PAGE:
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Israeli researchers take step toward cure for Huntington’s disease

The scientists not only slowed the progress of the disease in mouse models but even reversed some symptoms, according to the Weizmann Institute of Science.

The entrance to the Weizmann Institute of Science in Rehovot, April 20, 2020. Photo by Yossi Aloni/Flash90.
The entrance to the Weizmann Institute of Science in Rehovot, April 20, 2020. Photo by Yossi Aloni/Flash90.

A new study carried out by the Weizmann Institute of Science in Rehovot has identified two molecules capable of penetrating the blood-brain barrier and reducing the levels of a defective protein that causes Huntington’s disease, an incurable neurodegenerative disorder.

The research not only slowed the progress of the disease in mouse models but even reversed some symptoms, the Institute said.

The signs and symptoms of Huntington’s disease—slight involuntary movements, general clumsiness and increased anxiety—most commonly emerge around the age of 40. The disease develops over time and inevitably leads to death.

Past attempts to treat the disease were unsuccessful, while drugs aimed at tackling the root cause—the defective protein—found it difficult to distinguish the defective protein from the normal one.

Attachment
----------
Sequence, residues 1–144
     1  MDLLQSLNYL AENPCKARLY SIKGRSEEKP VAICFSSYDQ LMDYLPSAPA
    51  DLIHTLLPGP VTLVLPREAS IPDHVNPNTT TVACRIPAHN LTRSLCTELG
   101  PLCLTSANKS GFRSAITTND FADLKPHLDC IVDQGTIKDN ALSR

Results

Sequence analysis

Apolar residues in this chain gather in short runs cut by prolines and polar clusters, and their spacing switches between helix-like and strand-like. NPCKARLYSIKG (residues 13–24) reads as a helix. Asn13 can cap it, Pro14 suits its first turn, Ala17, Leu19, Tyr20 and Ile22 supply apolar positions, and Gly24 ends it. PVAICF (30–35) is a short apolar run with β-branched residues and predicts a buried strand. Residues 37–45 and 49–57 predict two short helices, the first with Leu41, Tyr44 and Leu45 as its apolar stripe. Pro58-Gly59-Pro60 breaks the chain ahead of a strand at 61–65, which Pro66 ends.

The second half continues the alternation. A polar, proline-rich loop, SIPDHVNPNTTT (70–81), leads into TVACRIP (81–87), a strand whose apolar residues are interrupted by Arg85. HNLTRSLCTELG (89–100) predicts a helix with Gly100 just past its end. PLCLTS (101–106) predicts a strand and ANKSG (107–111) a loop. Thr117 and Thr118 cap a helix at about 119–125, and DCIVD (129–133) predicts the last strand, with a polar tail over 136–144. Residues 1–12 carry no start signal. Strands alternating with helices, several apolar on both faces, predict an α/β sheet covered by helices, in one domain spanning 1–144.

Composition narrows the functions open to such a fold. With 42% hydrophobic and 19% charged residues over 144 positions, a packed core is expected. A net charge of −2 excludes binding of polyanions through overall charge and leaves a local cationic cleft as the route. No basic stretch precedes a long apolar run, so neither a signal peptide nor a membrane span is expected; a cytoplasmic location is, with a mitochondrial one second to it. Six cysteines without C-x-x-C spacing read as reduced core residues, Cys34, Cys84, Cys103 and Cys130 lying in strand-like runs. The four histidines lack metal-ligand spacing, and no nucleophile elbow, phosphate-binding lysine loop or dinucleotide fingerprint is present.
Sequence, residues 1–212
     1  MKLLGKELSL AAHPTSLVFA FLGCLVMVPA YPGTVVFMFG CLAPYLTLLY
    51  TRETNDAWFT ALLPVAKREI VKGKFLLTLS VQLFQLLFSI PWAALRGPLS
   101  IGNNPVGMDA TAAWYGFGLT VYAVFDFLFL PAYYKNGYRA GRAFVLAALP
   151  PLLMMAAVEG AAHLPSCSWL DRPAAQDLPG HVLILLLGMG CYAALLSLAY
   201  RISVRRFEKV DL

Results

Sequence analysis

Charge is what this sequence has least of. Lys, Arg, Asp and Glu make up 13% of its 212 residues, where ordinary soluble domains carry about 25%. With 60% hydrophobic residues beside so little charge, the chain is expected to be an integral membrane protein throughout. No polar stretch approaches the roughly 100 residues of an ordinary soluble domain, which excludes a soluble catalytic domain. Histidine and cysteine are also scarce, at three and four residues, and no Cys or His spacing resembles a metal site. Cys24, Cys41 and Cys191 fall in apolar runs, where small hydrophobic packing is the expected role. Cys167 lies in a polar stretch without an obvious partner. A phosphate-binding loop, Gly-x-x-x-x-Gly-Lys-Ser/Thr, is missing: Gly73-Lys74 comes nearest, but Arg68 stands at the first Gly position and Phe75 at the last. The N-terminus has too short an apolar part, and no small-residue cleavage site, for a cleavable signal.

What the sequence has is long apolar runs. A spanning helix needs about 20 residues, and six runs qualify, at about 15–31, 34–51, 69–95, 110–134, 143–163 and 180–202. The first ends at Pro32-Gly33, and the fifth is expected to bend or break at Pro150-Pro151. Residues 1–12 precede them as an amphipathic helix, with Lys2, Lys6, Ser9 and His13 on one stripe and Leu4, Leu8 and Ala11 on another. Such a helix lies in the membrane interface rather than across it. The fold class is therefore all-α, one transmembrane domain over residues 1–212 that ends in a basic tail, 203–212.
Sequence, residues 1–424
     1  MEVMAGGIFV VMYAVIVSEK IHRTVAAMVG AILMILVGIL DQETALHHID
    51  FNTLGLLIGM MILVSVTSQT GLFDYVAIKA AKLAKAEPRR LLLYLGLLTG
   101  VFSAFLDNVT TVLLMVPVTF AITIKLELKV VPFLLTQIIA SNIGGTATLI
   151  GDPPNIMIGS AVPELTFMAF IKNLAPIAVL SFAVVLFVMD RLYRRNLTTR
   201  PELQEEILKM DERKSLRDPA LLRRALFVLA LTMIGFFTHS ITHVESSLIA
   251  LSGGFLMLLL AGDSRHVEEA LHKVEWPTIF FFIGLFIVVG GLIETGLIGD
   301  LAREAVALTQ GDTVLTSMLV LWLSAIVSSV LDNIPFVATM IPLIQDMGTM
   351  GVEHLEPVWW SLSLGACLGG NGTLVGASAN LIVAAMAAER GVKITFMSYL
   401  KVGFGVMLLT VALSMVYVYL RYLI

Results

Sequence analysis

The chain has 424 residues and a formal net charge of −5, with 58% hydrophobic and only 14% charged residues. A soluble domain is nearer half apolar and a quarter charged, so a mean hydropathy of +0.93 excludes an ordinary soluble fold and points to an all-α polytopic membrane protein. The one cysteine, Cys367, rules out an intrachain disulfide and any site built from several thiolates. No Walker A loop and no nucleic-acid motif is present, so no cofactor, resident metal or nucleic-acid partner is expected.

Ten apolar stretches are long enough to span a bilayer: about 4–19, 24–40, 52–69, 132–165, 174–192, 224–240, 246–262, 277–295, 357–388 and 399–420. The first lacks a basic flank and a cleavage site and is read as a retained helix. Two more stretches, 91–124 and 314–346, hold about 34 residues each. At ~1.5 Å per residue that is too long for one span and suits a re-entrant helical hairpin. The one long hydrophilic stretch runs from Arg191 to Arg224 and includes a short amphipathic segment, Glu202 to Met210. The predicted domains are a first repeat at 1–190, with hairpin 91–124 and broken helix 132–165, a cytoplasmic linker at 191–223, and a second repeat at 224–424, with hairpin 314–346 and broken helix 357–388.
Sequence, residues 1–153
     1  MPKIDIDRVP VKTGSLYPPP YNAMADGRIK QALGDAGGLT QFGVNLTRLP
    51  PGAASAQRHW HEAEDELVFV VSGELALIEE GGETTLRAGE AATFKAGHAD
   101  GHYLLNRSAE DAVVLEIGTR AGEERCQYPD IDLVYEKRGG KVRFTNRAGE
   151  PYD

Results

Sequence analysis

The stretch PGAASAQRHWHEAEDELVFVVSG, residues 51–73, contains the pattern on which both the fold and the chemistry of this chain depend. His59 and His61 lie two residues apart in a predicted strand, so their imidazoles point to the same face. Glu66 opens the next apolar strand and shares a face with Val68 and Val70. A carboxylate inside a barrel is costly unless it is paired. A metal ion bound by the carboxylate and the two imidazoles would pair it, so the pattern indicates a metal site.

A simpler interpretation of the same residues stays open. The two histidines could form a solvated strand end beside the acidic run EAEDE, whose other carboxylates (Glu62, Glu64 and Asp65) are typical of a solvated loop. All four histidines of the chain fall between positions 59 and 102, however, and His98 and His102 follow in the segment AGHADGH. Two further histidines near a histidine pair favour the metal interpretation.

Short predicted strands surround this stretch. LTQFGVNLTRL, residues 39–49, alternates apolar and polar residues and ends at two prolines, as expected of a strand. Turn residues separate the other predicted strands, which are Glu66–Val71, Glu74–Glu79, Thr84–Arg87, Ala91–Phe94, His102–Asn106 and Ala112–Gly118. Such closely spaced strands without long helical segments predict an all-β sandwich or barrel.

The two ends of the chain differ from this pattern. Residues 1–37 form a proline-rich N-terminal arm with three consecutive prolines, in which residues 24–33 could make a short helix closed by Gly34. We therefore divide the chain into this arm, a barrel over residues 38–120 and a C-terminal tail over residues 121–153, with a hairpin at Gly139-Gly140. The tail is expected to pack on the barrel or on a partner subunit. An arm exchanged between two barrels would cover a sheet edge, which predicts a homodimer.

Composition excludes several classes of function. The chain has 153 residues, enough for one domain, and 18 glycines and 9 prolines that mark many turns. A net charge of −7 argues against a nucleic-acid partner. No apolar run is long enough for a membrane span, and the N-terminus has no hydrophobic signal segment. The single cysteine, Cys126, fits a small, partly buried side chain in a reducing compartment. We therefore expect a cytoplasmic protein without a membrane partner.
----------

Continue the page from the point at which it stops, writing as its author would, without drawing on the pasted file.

During the new study, “We were delighted to find that small molecules managed to reach the brain without undergoing changes and without disintegrating along the way,” said Weizmann’s professor Rivka Dikstein.

“While other experimental treatments require repeated brain or spinal surgery, these molecules, delivered orally or by means of an injection, could pave the way for an effective and safe treatment of Huntington’s disease,” she continued.

“It’s become clear that a certain function of large regulatory proteins can be precisely targeted using tiny molecules without harming the overall functioning of these proteins. This understanding could lay the foundations for new treatments for a variety of diseases,” she said.

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